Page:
Centre approves plan to save Kashmiri deer

17 April 2008
The Indian Express
Toufiq Rashid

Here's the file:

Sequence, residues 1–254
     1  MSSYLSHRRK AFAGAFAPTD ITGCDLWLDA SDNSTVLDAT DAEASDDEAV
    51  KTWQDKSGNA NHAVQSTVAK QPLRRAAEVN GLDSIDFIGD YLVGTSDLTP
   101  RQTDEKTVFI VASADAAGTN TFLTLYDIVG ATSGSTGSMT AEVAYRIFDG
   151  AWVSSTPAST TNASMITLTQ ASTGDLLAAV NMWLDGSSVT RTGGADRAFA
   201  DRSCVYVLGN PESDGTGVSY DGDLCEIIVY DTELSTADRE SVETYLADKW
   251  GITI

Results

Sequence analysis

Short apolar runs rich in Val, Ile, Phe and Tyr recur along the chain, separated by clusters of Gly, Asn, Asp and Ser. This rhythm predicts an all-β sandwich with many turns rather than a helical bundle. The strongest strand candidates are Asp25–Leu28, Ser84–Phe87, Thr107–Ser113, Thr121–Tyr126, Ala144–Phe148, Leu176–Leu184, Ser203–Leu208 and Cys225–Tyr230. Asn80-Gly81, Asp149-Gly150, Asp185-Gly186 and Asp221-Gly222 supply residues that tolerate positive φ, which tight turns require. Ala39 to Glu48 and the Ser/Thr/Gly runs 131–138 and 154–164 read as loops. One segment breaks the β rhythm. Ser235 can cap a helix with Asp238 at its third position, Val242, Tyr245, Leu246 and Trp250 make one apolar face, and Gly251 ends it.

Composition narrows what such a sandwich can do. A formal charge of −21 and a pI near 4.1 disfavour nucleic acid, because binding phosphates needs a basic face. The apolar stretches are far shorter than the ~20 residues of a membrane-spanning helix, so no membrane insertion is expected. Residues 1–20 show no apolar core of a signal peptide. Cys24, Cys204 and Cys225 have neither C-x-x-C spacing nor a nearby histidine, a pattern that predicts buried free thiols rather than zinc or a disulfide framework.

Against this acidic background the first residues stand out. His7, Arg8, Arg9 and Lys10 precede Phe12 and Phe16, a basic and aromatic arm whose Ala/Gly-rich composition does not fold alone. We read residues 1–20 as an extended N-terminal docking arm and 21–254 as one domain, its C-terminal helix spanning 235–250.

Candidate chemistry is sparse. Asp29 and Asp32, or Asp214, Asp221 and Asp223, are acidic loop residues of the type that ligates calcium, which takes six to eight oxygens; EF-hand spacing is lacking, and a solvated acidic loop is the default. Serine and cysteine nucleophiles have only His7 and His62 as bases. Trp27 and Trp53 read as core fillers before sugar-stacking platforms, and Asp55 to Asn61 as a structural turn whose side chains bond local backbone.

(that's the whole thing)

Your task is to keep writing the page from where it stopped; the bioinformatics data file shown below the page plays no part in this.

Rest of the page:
SRINAGAR: The Centre has approved the Jammu and Kashmir government’s plan to save the nearly extinct Kashmiri red deer, hangul, through captive breeding. This, experts say, is one of the last steps to save the animal, which, according to the 2006 census, now numbers 153. As part of the plan, prepared in consultation with the Wildlife Institute of India, five pairs of hangul will be put in enclosures during the breeding season. The fawn born this way will gradually be released in the wild. The department had submitted a plan worth Rs 8.6 crore on the lines of Project Tiger. The plan was approved by the Union ministry of environment and forests and will be funded by the National Zoo Authority. “The species is on the verge of extinction and this is a long-term plan for its conservation,” said Farooq Geelani, regional wildlife warden, Jammu and Kashmir. The programme aims to increase the animal’s population in the Dachigam sanctuary and also expand the sanctuary to include adjoining land so that the deer’s movement is not restricted. The deer will be bred outside their natural habitat Dachigam—at the Shikargah conservation reserve in Tral, about 45 km from Srinagar. “The deer will be kept in semi-wild conditions in an enclosure, with proper monitoring. Shikargarh is being seen as the next habitat for the hangul. We also want to control the factors endangering the species in Dachigam,” said Rashid Naqash, wildlife warden in charge of Dachigam. This technique has been used with great success for many species across the world. A wide variety of life-forms in the 1970s, ranging from birds (pink pigeon) to mammals (pygmy hog), reptiles (Round Island boa) to amphibians (poison arrow frogs) have been saved through captive breeding. There are, however, concerns over the technique. If the number of animals involved is too small, in-breeding may occur due to the reduced gene pool. This may, in turn, lead to a loss of immunity to disease and other problems. Over a number of generations, in-bred populations can, however, regain “normal” genetic diversity.